Things to fear in the coming budget

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Measures that respond to the IR35 changes in the public sector are increasingly expected by advisers to contractors at Autumn Budget 2017. 

So instead of the still widely-feared extension of the changes to the private sector, more and more advisers think the Budget may bed-in the April reforms, or tackle what has emerged since them.

“Offshore loan schemes and other contrived vehicles to artificially enhance contractor take-home pay [have sprung up] in the last six months,” said Brookson, an accountancy firm.

So potentially expect action to amend legislation to stamp out tax avoidance schemes.

But the firm cautioned that when similar revisionist approaches have been taken by chancellors in the past, it has adversely impacted genuinely self-employed contractors.

 “[For contractors] Autumn Budget 2017…isn’t just [going to be about] IR35,” says Shaun Critchley, managing director of ADVANCE, another specialist on contractor taxation.

“Chatter over the past week…has been about a ‘bold,’ radical Budget. Here’s hoping that this doesn’t translate into a series of ill-thought out, damaging anti-contractor measures.”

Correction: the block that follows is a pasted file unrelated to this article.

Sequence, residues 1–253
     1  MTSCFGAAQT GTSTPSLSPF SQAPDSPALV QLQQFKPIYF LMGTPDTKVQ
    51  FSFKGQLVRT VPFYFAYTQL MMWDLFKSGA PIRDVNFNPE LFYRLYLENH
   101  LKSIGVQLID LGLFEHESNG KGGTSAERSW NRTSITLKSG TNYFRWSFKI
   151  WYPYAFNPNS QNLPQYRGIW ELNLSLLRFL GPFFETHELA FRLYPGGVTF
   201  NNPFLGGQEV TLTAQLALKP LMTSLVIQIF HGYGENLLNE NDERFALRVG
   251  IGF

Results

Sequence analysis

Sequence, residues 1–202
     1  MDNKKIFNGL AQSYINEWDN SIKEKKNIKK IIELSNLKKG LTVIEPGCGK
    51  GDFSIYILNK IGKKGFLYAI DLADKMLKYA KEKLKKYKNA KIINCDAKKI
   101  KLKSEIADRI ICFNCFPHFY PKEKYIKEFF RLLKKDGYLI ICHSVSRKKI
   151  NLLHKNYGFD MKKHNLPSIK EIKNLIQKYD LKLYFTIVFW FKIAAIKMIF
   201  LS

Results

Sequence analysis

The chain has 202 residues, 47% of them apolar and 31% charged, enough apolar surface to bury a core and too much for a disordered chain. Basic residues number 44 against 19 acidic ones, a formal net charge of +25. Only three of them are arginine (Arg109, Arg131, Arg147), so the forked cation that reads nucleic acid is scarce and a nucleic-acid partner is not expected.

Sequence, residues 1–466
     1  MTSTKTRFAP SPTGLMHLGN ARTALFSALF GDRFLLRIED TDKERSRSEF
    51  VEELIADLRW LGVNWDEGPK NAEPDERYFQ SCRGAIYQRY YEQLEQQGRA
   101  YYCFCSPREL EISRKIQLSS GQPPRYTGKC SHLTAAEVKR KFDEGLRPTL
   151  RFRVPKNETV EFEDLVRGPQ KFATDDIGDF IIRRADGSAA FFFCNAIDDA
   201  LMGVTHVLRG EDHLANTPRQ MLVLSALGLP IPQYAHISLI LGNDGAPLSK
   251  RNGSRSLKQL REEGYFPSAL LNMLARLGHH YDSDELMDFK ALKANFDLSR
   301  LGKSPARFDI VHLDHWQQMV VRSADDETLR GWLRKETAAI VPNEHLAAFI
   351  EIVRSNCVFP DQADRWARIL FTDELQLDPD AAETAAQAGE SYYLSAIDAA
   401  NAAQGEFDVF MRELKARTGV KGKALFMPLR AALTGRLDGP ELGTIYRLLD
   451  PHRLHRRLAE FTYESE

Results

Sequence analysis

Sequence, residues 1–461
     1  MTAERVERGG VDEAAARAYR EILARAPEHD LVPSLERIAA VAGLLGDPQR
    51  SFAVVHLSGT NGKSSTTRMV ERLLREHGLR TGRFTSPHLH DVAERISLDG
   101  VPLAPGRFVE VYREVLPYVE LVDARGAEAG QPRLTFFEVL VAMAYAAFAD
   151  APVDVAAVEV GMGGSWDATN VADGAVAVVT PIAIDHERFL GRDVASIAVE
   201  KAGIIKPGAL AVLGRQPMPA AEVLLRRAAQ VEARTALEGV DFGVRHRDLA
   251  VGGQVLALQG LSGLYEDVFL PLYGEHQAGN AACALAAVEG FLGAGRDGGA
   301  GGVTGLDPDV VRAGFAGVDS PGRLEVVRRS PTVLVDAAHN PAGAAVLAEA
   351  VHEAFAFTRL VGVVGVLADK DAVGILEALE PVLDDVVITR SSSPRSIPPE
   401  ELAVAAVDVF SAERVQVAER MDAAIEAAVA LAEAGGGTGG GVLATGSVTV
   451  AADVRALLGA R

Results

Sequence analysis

Outside the contracting space, the chatter in Whitehall is that Philip Hammond got into trouble for his aides briefing to journalists that big ideas will be best on November 22nd.

An exasperated “ally of the prime minister” Theresa May told yesterday’s Times: “What were they thinking? When do you ever play up the significance of a Budget like that?”

But an accounting body sounds more than ready for Mr Hammond to ‘go radical,’ given the “heavy burden” that it says is being stored up for the next generation. The ICAEW explained:

“Autumn Budget will give the chancellor an opportunity to build real momentum to bring public sector finances back into the black and this should be grabbed with both hands.”

For contractors however, “the disappointing truth is that the best [they] can realistically wish for is an indirect benefit from [the Budget’s] wider pro-business measures,” Critchley says.

As “the voice of business,” the CBI has told Mr Hammond that his statement he needs to show the government to be working with firms to “shore-up business confidence”.

Included on its Budget wishlist and relevant to contractors, the CBI wants HMRC to be more “open for business” (to businesses), and wants a Brexit hotline, for all traders’ queries on leaving the EU.

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